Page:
Antiquated to Elevated: Connecting Denver With Colfax BRT
This is part six of the Streetsblog Denver series covering the Elevate Denver General Obligation bond. Every Tuesday, we’ll dissect biking, walking, and transit upgrades across the city. We’ll explore the planning aspects behind key projects in addition to considering how these changes will affect the lives of people in the communities where they are located. Read parts one, two, three, and four, and five.
Last week, this series took a look at some of the desperately-needed pedestrian upgrades from the Elevate Denver bond on Colfax Avenue. These improvements are bundled together with the Bus Rapid Transit (BRT) project that could still be up to ten years away. This week Streetsblog is going to unpack this highly-anticipated addition to Denver’s mobility network. This piece will take you through what BRT is, why Colfax is the perfect spot for it, and how it will affect the thousands of people who use this corridor daily.
The 15 and 15L bus routes down Colfax are the busiest transit lines in Denver. Before the start of the COVID-19 pandemic, around 22,000 people relied on this service every weekday. Even with many Denverites no longer commuting or traveling outside their homes, this route still moves thousands of essential workers in and out of downtown and across the city. Currently, the 15 bus route slowly makes its way up and down Colfax. From stop to stop, the bus needs to pull in and out of traffic, while also being slowed by other vehicles on the road.
A conceptual view of a Colfax BRT station
Bus Rapid Transit on Colfax is designed to help alleviate these issues that can make the thoroughfare so tedious. The principal changes that come with BRT are two dedicated center lanes on Colfax for the bus beginning at the Denver-Aurora border at Yosemite and continuing all the way to Osage St. The bus-only lanes allow for transit to avoid getting caught up with traffic caused by people in single-occupancy vehicles. This BRT line will also feature a unique boarding system. On a typical route, the bus pulls up, everyone pushes up the stairs and pays at the front of the bus. To increase efficiency at stops and to free up sidewalk space, BRT passengers will pay at the dedicated station islands on Colfax before boarding. Furthermore, these buses are going to have near-level boarding, meaning people will not have to climb up a set of stairs when getting on the bus. This change also speeds up the boarding process and makes it easier for seniors and people with disabilities to use this system. These changes to the existing Colfax bus service are expected to decrease travel time down the avenue by up to 15 minutes and incentivize people to make the switch to this more eco-friendly form of transportation, according to the Department of Transportation and Infrastructure (DOTI).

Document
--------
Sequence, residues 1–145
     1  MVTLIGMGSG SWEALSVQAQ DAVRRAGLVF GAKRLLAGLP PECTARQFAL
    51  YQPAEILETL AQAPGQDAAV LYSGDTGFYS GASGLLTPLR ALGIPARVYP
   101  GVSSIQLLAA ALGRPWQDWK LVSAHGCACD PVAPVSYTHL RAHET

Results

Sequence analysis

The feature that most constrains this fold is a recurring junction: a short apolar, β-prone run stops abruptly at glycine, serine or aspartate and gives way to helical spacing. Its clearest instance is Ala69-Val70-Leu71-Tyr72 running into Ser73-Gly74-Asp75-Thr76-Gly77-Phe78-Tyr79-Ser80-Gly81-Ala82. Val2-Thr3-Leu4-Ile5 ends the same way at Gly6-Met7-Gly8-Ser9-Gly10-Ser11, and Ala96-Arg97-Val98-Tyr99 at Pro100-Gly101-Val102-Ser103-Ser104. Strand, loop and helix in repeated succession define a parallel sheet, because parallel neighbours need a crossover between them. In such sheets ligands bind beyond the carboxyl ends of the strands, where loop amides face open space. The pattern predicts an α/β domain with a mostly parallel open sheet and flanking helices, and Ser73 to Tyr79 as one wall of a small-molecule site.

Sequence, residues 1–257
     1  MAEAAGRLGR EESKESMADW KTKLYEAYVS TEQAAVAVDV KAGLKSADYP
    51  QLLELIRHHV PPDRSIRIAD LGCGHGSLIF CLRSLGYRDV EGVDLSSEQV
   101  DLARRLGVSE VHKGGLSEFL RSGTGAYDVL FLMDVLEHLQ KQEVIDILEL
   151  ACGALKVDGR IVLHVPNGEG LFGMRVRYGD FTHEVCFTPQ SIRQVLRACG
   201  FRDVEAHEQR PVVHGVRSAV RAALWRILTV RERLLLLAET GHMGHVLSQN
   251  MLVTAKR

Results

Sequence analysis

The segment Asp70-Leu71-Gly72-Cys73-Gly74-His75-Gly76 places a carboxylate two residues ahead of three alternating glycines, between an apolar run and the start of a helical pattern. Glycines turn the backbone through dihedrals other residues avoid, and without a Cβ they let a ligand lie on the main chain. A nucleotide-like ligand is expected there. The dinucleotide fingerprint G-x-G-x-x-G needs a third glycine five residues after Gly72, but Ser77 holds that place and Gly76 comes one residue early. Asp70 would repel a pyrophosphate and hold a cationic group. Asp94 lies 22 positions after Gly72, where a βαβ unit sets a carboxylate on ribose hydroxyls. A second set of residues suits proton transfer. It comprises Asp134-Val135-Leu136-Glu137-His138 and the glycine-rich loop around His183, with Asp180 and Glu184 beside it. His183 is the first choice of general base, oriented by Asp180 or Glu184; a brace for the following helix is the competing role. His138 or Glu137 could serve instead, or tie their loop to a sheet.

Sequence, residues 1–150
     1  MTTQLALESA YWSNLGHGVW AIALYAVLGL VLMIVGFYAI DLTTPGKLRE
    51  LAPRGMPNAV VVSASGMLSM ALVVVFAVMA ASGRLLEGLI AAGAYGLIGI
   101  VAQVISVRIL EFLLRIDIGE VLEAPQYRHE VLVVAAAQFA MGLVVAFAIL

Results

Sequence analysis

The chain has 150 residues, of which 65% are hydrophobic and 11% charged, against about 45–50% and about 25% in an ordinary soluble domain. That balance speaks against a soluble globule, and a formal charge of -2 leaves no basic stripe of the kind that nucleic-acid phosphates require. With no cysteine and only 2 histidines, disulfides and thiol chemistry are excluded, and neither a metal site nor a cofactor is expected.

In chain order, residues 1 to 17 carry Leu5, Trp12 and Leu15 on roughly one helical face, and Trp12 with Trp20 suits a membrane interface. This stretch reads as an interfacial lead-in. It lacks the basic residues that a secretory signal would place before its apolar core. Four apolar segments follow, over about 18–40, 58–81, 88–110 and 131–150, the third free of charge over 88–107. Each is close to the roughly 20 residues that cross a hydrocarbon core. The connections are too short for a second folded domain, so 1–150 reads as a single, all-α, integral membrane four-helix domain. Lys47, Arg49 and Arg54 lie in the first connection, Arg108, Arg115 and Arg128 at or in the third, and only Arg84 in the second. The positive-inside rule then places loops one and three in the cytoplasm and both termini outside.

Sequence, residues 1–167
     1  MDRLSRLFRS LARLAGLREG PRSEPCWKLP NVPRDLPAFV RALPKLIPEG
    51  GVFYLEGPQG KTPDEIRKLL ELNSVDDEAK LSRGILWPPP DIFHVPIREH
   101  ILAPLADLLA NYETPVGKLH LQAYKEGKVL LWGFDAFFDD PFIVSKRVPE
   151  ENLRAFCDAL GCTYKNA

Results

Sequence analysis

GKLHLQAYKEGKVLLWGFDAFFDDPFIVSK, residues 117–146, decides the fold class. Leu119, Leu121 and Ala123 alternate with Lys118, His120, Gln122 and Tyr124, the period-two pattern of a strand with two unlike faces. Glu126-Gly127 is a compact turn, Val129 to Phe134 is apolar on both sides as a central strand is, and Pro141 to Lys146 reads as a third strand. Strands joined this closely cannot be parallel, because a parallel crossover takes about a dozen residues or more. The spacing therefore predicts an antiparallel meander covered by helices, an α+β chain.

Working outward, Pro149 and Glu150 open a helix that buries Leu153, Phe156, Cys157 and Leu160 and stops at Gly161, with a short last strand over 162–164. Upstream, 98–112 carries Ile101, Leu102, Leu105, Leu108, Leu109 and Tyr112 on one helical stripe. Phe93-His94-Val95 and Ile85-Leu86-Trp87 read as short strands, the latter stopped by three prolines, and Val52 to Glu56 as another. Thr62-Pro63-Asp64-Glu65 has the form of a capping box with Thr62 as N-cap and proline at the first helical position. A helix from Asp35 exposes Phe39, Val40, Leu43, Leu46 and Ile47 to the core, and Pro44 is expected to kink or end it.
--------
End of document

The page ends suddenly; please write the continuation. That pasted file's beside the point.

With Bus Rapid Transit implementation on Colfax, existing bus users will also see a reduced number of stops. Whereas buses on Colfax typically have stops every 0.2 miles, BRT will be set up more like a typical light rail or metro system, with stops every half-mile. This may sound like a significant distance, but this means at any point on Colfax, transit users will never be more than a quarter of a mile, or about five minutes walking from a stop, according to DOTI. With all these changes to the current route, the bus will be able to travel significantly faster than vehicles in the general purpose travel lanes, making the bus a highly efficient way for people to make their way across town.